By Alissa Lawton Special to Published Jan 10, 2011 at 9:14 AM

As I get older, New Year's Eve seems to have less and less of a draw. It's a magical holiday filled with expectations and anticipation, whether it's who you're going to kiss at midnight or what the New Year will hold. But the actual event of finding something really crazy, fun, and over- the-top to do usually doesn't live up to the suspense.

This year I went with a group of friends to Turner Hall for a '70s funk party. We'd discussed dressing up in our best disco get-ups but, in the end, opted for more modern party outfits. Getting cabs down there was a breeze. The party, on the other hand, wasn't really what we expected.

The music wasn't the "Get Down, Get Down" we anticipated and, in the background on the humongous big screen, they were playing a bizarre mash up of clips from orgies, burlesque dancers putting on lipstick and, I think, a few car accidents. I began to forget I was at Turner Hall and started to think I was living in A Clockwork Orange.

We left and headed to McGillycuddy's where I came to realize I have grown up a little. The majority of the girls on Water Street were of college age, of course, and most of them made the classic college girl mistake of leaving their coats at home so they wouldn't bog down their skanky outfits with something sensible.

Of course, the minute the bars let out it was impossible to get a cab, and unlike at 10 p.m. when we'd left the house, it was now bitterly cold and windy out. We walked along Water Street begging for cabs to stop for us. I think I was delirious from the cold. I actually found myself clicking my glittery heels together and repeating, "There's no place like home, there's no place like home!" I'm not positive it had anything to do with a little Oz magic but after about the fiftieth time I said it, a cab pulled up and rescued us. Hello 2011! If I had it to do over, I would've made other plans.

The next morning, I was sure my guy pals would come to their senses and decide not to go through with the Polar Plunge, but they were more determined than ever. A few coffee-with- Baileys and mimosas and they were as ready as anyone can ever be when you've volunteered to become hypothermic.

I was born and raised in Wisconsin so cold weather has just been part of my life, but that doesn't mean I have any drive to throw myself into the freezing waves of Lake Michigan in January. And now that I've seen it first-hand, I know I've made the right choice all these years. But kudos to those that did do it.

Later that day we went out to Fire on Water just north of Joey Buona's, for a Rose Bowl Party. As we all know, the game didn't go well, but the beer at Fire was cheap and the food was pretty good. The pizzas were the biggest hit with some creative options and fresh-tasting ingredients. I gave the fried green beans a try; I like the concept, but they were a little too breaded for my taste. We headed back home to veg out in front of the television and called it a relatively early night at midnight.

Sunday was another blur of a day. We headed up to Lambeau for the Packers game with the Bears. I was still cold from my trek down Water Street on New Year's Eve and 'spectating' the Plunge so, like a wimp, I spent most of the tailgate in the car drinking coffee. I know I should hang my head in shame for this, but I couldn't get the chill from my core.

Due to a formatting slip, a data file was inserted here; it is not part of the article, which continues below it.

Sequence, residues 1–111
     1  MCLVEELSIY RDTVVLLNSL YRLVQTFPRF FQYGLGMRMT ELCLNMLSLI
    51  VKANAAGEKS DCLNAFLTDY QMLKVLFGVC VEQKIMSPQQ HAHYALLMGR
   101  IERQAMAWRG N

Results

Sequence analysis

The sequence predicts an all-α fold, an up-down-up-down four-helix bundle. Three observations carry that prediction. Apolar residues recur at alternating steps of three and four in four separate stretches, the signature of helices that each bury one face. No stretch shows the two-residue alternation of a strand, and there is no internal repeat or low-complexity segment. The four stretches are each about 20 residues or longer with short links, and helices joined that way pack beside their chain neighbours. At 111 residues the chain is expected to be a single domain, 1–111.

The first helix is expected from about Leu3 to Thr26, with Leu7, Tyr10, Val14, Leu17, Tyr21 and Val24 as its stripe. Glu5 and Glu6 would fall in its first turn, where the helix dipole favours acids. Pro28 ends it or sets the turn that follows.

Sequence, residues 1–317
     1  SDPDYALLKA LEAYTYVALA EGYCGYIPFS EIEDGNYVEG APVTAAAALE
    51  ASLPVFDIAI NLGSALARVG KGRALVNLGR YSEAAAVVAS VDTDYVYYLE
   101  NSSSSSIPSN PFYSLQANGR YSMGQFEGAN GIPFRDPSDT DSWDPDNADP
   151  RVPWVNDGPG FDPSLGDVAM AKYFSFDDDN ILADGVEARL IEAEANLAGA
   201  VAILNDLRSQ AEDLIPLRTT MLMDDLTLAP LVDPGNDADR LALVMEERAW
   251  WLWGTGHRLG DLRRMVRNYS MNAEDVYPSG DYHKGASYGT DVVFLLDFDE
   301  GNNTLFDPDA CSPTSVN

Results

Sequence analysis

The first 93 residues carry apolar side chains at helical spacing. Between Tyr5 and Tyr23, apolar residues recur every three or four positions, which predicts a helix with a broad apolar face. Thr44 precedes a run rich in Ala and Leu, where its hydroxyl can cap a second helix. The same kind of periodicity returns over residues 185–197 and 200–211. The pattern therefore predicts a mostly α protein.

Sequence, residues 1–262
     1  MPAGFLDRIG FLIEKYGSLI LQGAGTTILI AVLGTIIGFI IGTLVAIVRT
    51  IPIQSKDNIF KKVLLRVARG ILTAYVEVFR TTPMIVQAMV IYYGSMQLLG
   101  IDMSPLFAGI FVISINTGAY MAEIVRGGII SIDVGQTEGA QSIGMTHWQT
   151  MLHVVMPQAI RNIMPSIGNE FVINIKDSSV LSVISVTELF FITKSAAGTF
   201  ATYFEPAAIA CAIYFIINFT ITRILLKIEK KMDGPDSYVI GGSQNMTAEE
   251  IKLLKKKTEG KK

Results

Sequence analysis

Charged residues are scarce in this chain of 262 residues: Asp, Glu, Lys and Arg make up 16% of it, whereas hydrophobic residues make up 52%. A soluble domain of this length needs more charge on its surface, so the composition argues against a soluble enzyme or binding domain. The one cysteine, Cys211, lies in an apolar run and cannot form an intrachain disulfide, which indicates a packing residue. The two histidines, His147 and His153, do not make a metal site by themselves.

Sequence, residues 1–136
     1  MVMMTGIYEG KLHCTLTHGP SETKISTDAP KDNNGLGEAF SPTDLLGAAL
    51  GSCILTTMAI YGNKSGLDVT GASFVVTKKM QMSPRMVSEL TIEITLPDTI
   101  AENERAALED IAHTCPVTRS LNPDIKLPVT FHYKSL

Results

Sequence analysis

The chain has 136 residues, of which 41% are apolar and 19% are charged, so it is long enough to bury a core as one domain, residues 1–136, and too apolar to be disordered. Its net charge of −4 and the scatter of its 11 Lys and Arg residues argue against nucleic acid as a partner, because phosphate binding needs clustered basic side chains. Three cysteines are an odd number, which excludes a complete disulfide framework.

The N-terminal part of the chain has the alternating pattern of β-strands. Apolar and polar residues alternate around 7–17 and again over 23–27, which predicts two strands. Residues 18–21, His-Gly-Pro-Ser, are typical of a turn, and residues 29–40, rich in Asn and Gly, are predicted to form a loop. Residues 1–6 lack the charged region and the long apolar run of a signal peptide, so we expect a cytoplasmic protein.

The game was great and the majority of the Bears fans we ran into were good sports and had a sense of humor about the relentless trash talking they received. It was a long day, but a great way to end a non-stop New Year's weekend. I've paid for it all week with the flu, but for the most part, it was worth it. Happy New Year to all! Here's hoping we're all a little wiser and better prepared for whatever comes our way than we were last year and the year before that.

It's occurred to me that some readers are under the impression that I consider myself something of a foodie or drink expert. Let me clear the air once and for all. I have no cooking or serious food education other than what I've experienced traveling and in trying new things. And I've never intended to imply more than that. I don't care what food or drinks cost. You can serve me the most expensive thing on the menu, but if I don't like it, I don't like it.

On the other hand, I can enjoy a good ol' bowl of Kraft Mac & Cheese occasionally. I've had glasses from $800 bottles of wine and I've had glasses from $2 bottles of wine. I'm no connoisseur, I'm just a person that knows what she likes and is willing to try most things once. By no means do you have to agree with me, but this isn't The Food Network so try not to take yourself so seriously.

Alissa Lawton Special to

Alissa grew up on the near west side of Madison and had childhood dreams of being a veterinarian. Instead she moved to Milwaukee to attend college and attained a Bachelor's degree in Journalism and Mass Communication from UW-Milwaukee. Previously an advertising copywriter and a marketing specialist, Alissa always preferred the writing aspect of her career.

An animal lover, a shoe lover and a white wine lover, she now resides on the much beloved East Side of Milwaukee in what she describes as an ancient apartment building full of character, but lacking sufficient electrical outlets and the convenience of an elevator.

To some she comes across as a shy wall flower, to those that know her much better she is a social butterfly, usually overdressed and wearing inappropriately uncomfortable shoes for nearly every occasion. Either way you choose to see her, Alissa has a strong desire to bring awareness to the social issues in our city while maintaining a sense of humor about herself and surroundings.